The prosperity gospel — the idea that God dispenses material wealth and health based on what we “decree” — is not just fluff. It’s also not just another branch of Pentecostalism, a tradition that emphasizes the continuation of the gifts of healing, prophecy and tongues. It’s another religion.

In terms of religion, this inauguration exhibits the confluence of two major currents of indigenous American spirituality.

One stream is represented by Norman Vincent Peale’s longtime bestseller “The Power of Positive Thinking” (1952). The famous Manhattan pastor is Trump’s

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THIS IS A very interesting post in which I can have some agreement, but when I see a pastor or Christian writers expresses a theologically opinion like this I am often disappointed with their other theological positions because often the other opinions are usually NOT orthodox.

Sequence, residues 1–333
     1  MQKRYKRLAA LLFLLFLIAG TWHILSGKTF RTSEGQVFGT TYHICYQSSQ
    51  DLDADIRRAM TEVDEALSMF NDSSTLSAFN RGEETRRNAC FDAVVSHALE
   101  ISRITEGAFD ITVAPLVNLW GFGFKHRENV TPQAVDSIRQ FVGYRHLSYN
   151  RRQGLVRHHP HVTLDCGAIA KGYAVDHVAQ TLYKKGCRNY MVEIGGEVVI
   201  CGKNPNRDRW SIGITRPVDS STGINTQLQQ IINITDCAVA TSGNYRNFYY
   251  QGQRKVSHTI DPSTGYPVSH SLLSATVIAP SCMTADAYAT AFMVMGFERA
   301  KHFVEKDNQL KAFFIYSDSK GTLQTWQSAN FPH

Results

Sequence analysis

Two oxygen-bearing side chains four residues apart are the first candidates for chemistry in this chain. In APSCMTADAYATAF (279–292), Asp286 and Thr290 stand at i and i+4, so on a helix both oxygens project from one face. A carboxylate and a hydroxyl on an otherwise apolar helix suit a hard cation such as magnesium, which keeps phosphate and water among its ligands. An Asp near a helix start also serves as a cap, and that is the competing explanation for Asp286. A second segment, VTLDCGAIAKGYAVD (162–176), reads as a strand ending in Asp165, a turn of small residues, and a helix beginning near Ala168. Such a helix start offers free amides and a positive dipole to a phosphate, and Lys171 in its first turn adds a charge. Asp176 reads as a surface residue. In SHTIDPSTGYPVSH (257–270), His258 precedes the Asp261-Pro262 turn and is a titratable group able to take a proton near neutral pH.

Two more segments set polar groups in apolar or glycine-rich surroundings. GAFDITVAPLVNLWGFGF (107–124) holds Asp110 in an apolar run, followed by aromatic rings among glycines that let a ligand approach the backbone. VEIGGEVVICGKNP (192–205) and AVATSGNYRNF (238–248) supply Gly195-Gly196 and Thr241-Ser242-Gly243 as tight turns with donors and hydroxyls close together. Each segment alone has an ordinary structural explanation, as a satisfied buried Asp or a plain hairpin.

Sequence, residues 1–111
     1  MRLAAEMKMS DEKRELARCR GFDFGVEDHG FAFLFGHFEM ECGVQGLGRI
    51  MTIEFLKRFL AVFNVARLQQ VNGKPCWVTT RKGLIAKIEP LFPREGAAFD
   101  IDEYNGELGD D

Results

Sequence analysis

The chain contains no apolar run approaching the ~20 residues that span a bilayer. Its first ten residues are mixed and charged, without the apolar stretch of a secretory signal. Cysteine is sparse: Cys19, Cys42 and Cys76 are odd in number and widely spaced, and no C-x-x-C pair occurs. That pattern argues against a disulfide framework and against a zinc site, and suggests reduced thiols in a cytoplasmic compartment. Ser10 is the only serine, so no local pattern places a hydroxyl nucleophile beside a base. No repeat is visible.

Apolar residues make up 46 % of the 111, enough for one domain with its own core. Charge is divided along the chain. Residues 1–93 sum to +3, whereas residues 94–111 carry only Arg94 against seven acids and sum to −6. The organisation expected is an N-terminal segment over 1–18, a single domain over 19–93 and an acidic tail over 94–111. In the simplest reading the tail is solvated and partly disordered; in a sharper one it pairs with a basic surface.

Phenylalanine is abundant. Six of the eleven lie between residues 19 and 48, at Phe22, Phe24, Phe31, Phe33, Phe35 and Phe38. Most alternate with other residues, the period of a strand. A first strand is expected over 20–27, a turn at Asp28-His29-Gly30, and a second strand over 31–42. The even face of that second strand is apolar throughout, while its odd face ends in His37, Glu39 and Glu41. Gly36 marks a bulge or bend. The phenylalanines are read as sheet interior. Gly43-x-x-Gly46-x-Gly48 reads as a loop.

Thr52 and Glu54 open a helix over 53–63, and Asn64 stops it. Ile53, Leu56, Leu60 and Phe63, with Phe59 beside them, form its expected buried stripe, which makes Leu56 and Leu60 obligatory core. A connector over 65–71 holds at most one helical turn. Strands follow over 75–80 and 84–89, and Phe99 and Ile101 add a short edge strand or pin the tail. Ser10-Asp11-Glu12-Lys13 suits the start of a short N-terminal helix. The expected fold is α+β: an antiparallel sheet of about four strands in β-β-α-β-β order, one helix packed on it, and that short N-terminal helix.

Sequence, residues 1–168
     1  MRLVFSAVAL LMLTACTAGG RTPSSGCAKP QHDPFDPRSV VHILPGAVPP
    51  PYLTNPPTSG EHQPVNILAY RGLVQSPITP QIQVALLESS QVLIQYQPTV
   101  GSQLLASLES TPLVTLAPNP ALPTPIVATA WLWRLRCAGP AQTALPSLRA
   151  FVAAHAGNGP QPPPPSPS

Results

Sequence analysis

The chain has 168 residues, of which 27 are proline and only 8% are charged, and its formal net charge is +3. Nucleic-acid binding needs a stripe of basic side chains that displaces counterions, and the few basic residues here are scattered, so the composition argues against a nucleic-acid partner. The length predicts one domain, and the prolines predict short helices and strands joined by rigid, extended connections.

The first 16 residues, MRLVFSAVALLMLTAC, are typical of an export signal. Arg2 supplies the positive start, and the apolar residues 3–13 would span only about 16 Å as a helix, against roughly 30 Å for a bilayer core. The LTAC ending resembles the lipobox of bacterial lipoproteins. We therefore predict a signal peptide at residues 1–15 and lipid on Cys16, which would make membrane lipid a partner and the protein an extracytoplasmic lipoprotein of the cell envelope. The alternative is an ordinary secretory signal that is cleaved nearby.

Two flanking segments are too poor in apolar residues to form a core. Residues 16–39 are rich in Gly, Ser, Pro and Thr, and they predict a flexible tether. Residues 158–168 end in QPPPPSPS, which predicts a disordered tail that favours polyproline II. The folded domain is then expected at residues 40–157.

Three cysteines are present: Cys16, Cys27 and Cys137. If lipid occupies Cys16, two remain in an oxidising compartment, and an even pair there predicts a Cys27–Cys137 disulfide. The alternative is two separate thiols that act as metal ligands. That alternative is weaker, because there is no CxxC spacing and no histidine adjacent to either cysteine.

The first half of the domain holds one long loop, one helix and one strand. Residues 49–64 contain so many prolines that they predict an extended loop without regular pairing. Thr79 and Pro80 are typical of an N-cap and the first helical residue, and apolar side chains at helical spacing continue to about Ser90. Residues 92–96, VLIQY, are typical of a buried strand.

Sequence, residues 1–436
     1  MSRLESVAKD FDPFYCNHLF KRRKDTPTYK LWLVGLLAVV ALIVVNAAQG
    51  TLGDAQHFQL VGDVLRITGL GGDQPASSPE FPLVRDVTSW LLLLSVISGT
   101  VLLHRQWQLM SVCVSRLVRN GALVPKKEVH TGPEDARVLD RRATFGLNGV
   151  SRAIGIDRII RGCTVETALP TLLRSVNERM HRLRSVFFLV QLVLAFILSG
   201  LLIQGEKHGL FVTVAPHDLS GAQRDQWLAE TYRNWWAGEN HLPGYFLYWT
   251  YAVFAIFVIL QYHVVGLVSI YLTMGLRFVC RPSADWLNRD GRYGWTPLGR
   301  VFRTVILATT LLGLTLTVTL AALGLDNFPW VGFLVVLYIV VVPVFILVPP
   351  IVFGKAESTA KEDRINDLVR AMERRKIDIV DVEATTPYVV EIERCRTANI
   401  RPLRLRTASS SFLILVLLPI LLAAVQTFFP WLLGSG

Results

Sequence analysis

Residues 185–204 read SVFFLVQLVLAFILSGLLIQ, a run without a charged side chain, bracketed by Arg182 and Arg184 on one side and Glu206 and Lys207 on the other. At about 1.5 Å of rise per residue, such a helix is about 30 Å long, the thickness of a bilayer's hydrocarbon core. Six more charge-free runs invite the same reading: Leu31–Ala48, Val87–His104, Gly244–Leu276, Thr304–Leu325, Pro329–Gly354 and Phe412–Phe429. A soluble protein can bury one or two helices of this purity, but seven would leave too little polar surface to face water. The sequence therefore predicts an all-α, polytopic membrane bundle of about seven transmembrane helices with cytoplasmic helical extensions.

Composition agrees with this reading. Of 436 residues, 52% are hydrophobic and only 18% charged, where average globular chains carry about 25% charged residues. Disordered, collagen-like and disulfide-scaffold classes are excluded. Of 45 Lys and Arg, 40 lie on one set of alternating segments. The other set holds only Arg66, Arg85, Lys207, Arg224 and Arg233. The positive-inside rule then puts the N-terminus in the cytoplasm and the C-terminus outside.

However posted because it is provocative. Take it for what it is worth because I don’t know much about Preston Sprinkle, but I do agree with the idea that “grace” is messy: 

By Preston Sprinkle

“You cannot sanitize grace. You can’t stuff it into a blue blazer and make it wear khakis.”

Christian subcultures are an entertaining phenomenon. Multiple brands of Christianity claim the same Lord and read the same Bible, and yet they promote a set of values sometimes as different as apples and orangutans.